Saturday, March 06, 2010

Taken care of

So I was out for a ride last weekend on a rare day that allowed for skinny road tires in February. About five miles into the ride I was climbing the col d'overpasse when the paddle on my rear shifter suddenly broke loose. Hmm...

I stood on top of the col and wiggled the paddle around, which seemed to be held in place only by the slight tension in the rubber hood. It was too cold to fidget much more and there was no obvious solution, so I proceeded home with one gear. Surprisingly the shifter didn't altogether fail and dump me into the 12 for the trek home, but my 16 wasn't terribly comfortable either at this point.

When I got inside and could feel my hands again I started to look more closely at the problem. I've heard of people tearing out the innards of Sram shifters in order to run a 1x10 setup for 'cross, but I have never been bold enough (or had reason to) inspect the guts of one. After removing the shifter from my bike and took off the hood I could see plainly what had happened.

The inside of a Sram shifter is remarkably simple in design. The paddle is connected to one central post via two circular collars, allowing it to rotate on that axis. Quite simply both of the collars (metal) fractured, allowing for the paddle assembly to fall out. Interestingly, the mechanism that holds the gear up on the cog was not affected by this, hence the broken shifter being able to keep the gear I was in at the time of the break.

So the good news was that I diagnosed the problem without having to completely rip apart the shifter. Now I was prepared for the bad news - trying to get this taken care of by Sram.

My phone conversation lasted 2 minutes 38 seconds. It went something like this:

Me: "Hi, I have an issue with my rear Rival shifter, is that something you can help with?"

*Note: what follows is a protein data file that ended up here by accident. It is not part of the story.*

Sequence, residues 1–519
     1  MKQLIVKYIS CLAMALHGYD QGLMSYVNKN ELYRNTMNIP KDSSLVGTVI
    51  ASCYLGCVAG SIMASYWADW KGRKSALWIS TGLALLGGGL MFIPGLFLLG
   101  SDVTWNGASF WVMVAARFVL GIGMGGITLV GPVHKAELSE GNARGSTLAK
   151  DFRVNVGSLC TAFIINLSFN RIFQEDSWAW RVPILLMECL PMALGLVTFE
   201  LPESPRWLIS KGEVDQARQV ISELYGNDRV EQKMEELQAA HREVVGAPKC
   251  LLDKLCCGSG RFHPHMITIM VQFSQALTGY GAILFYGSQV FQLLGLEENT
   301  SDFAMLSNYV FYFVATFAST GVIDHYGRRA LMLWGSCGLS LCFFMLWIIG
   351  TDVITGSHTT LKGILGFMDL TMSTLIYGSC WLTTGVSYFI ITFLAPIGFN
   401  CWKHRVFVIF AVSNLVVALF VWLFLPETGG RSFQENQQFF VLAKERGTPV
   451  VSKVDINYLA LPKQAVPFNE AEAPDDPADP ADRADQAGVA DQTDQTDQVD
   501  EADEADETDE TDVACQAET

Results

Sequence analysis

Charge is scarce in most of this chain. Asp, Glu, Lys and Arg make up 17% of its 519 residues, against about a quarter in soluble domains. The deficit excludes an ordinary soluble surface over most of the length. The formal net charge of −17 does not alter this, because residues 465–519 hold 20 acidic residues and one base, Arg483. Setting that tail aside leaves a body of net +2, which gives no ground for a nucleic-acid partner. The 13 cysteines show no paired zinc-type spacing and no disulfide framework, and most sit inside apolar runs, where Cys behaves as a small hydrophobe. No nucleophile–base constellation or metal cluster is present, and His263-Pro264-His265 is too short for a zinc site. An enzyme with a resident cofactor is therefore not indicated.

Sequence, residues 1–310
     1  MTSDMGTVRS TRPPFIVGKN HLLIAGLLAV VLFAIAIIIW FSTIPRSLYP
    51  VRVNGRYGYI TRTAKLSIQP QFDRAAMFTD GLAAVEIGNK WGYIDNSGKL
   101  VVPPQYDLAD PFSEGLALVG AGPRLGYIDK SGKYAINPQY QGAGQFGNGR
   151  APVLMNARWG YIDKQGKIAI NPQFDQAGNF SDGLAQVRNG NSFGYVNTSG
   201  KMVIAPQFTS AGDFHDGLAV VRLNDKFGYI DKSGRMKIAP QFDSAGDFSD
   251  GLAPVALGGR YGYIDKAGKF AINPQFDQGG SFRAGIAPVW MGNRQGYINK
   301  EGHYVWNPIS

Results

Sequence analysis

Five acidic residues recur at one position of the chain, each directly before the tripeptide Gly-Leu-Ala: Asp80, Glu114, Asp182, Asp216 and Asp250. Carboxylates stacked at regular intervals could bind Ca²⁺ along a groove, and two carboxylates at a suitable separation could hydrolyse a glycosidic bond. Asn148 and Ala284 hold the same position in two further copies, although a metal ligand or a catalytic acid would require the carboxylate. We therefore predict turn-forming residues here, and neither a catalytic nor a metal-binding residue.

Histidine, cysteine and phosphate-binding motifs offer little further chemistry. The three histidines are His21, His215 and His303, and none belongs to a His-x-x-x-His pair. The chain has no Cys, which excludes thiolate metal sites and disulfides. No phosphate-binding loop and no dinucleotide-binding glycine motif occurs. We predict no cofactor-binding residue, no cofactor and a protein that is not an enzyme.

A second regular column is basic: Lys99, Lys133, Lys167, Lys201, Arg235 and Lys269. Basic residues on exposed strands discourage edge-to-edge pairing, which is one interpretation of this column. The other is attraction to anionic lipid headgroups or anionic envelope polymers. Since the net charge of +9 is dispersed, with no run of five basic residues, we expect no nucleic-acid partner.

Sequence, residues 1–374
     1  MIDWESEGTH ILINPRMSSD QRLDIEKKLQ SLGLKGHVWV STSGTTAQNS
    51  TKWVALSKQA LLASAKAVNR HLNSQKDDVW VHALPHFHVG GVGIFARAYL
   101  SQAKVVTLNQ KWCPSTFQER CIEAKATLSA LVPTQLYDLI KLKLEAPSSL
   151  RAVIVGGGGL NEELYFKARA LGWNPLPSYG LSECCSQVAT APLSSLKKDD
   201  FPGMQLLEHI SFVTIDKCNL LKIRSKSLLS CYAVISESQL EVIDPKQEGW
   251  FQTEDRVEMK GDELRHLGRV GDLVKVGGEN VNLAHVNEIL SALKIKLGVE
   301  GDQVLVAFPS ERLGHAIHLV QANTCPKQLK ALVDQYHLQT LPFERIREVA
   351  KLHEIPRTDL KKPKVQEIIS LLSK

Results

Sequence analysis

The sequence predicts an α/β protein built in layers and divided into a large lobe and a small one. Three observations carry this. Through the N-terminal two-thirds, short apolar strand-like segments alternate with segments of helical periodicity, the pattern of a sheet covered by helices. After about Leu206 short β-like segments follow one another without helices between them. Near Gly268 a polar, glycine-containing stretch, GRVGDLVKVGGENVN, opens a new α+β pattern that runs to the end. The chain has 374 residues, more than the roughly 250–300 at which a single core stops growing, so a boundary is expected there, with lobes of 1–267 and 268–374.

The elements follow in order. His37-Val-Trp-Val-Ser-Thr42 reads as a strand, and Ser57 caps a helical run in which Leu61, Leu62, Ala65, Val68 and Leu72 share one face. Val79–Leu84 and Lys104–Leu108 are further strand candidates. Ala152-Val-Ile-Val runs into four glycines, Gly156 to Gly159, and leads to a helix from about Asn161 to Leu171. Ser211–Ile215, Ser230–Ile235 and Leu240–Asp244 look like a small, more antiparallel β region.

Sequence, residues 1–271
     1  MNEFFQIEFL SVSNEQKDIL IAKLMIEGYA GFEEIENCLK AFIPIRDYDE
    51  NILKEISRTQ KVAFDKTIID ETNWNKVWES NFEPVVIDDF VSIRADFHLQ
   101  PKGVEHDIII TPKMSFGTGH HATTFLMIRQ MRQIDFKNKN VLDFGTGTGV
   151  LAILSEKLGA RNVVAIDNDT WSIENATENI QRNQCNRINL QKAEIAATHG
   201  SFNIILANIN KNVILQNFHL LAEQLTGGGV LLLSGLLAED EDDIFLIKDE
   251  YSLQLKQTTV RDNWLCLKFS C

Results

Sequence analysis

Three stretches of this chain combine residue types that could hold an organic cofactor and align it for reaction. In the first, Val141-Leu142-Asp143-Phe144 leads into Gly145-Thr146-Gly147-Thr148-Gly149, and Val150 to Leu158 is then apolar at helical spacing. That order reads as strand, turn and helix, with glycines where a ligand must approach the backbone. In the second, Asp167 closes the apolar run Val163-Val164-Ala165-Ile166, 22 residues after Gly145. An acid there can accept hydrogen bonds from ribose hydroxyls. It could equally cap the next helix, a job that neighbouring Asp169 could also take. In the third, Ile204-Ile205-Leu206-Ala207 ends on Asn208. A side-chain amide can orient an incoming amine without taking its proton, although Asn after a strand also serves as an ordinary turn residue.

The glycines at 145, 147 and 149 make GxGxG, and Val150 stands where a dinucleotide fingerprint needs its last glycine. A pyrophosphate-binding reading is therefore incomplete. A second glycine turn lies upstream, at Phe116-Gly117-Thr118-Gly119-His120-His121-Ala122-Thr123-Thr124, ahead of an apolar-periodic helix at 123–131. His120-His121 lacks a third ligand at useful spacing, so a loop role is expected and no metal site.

Sram Guy: "Sure, what's the problem?"

Me: "Well I was out riding yesterday and the shift paddle came off - it looks like the collars snapped. This shifter isn't 11 months old and I wasn't at the top of my gear range when it happened."

Sram Guy: "Not a problem, we'll take care of it."

Me: "Really? Just like that? Where should I send it?"

Sram Guy: "Take it to your LBS and have them give us a call, we'll get a new one out to you asap."

Two things struck me about this. First, I expected to be transfered eight billion times to the next department trying to find someone that would help with the problem. My phone call was short and sweet, speaking with someone after two rings. No elevator music while I waited for a customer service representative in some foreign country to help. Second, this arrived THREE DAYS LATER:

So long story short, the problem was taken care of in record time. It is sad that my initial reaction was negative, as I assumed this would be like every other warranty claim I've made in my life, trying to get the company to take care of what's wrong. Not this time. Sram was all over this, and consequently re-earned my business. Not only are the based in Chicago, but they take care of their customers. Four total days from break to new shifter is amazing. I couldn't expect more from a company.

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